See also

// Proprioception (PRO-pree-o-SEP-shun (IPA pronunciation: ); from Latin proprius, meaning ones own and perception) is the sense of the relative position of neighbouring parts of the body. ... The Man Who Mistook His Wife for a Hat is a one-act chamber opera by Michael Nyman to an English-language libretto by Christopher Rawlence, adapted from the case study of the same name by Oliver Sacks by Nyman, Rawlence, and Michael Morris. ...

External links

  • "The President's Speech"
  • Questionable Aspects of Oliver Sacks' (1985) Report.

  Results from FactBites:
 
The Man Who Mistook His Wife for a Hat - Wikipedia, the free encyclopedia (364 words)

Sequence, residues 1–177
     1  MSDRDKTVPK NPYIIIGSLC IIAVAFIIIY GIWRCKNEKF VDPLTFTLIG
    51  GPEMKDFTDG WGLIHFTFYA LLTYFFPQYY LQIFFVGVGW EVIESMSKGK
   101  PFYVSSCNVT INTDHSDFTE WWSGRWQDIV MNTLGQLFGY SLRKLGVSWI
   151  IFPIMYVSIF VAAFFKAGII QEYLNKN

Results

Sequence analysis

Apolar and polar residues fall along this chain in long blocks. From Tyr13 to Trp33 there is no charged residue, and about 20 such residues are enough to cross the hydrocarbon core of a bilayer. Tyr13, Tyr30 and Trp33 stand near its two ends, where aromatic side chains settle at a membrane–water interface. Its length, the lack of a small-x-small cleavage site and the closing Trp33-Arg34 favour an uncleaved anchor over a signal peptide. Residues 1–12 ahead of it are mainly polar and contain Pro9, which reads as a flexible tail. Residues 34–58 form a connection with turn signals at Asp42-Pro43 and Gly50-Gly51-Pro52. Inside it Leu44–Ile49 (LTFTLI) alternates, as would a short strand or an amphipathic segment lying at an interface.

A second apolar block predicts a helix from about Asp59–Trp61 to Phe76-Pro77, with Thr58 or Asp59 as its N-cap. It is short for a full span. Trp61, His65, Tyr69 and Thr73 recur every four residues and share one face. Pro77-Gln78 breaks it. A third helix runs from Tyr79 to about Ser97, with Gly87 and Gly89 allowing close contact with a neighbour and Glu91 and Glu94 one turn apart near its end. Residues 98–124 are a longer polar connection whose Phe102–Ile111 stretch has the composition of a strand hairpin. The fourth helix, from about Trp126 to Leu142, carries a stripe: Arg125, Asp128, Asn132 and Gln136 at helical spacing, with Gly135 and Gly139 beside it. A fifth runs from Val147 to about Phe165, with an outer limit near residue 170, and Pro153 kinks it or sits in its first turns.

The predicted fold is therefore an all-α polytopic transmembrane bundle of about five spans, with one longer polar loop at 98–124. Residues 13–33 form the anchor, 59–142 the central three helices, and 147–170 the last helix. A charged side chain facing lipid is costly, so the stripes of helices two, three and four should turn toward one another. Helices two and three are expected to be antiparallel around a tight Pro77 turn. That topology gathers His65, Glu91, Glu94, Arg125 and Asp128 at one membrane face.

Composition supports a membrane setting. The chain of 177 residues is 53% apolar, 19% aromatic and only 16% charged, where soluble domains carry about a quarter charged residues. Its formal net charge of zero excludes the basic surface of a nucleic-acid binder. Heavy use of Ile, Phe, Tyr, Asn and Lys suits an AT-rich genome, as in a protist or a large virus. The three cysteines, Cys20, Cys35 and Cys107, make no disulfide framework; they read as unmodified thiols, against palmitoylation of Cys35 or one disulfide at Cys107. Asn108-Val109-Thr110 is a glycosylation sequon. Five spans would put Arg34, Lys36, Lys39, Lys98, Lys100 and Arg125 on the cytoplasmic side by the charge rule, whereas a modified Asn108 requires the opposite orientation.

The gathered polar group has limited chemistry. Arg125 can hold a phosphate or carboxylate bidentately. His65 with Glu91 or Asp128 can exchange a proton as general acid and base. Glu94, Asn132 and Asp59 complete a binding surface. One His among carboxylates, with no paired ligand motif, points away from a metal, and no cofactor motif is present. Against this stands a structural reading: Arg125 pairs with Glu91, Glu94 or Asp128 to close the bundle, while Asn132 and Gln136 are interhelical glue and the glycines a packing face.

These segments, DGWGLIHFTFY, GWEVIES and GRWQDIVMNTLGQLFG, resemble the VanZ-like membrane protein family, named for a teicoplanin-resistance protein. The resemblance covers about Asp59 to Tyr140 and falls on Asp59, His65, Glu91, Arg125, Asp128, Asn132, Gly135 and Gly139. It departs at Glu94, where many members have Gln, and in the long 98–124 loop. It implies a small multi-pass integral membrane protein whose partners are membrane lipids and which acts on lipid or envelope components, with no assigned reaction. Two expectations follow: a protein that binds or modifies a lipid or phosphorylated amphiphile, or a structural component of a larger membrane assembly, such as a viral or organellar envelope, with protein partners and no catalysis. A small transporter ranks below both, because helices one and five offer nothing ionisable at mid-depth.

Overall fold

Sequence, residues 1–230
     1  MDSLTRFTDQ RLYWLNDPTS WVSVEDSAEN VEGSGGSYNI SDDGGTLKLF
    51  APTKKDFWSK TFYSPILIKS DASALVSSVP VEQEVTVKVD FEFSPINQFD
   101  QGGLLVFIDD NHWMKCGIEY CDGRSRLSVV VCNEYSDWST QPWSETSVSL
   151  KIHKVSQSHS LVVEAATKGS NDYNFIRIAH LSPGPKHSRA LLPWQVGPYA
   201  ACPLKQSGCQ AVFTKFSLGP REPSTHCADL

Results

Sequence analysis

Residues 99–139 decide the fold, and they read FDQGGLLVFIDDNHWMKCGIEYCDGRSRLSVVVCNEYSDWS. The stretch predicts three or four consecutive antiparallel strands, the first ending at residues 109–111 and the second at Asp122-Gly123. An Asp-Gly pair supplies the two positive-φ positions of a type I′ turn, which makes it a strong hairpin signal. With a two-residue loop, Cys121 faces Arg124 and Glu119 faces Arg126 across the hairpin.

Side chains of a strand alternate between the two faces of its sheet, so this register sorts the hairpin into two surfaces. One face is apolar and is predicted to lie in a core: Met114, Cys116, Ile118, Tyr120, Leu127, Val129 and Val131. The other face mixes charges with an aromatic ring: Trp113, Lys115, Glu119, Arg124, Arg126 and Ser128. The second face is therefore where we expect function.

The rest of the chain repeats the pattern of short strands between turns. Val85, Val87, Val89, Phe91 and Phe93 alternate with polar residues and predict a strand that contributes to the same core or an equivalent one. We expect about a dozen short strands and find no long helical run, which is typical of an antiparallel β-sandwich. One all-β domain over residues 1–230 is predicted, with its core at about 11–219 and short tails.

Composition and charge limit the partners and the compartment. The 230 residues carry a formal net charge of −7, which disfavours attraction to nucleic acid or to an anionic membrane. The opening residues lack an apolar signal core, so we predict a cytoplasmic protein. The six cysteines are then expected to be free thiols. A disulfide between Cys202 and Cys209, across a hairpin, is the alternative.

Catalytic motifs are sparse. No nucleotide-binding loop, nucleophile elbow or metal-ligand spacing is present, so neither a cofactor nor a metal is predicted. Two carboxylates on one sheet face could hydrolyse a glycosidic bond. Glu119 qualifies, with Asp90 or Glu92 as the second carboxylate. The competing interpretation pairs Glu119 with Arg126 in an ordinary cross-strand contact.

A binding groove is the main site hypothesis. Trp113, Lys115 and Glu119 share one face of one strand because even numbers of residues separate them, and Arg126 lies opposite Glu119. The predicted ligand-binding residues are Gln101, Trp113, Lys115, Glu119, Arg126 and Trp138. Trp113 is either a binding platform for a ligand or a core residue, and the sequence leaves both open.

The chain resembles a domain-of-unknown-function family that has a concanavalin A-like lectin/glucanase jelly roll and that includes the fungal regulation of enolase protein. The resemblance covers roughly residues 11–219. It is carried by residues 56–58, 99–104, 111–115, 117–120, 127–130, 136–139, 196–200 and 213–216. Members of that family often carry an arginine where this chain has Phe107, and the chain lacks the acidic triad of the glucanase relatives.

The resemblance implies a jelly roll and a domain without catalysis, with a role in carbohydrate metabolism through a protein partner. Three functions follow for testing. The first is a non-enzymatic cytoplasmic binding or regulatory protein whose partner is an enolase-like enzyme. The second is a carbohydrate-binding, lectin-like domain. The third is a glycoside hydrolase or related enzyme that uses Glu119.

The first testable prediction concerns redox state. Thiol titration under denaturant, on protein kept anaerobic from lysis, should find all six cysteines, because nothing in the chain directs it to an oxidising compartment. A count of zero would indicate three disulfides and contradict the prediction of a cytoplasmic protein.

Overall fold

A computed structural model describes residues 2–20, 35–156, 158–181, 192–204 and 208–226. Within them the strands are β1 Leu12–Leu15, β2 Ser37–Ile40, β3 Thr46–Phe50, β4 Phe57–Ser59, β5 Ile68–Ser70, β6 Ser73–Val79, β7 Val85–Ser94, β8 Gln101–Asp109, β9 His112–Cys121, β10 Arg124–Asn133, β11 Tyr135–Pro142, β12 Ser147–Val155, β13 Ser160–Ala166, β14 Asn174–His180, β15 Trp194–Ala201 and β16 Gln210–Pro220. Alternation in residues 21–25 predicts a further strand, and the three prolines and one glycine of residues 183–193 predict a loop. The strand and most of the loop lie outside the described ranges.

The Man Who Mistook His Wife for a Hat is a 1985 book by neurologist Oliver Sacks describing the case histories of some of Dr. Sacks's patients.
The title of the book comes from the case study of a man with visual agnosia.
The Man Who Mistook His Wife for a Hat became the basis of an opera of the same name by Michael Nyman, which premiered in 1986.
  More results at FactBites »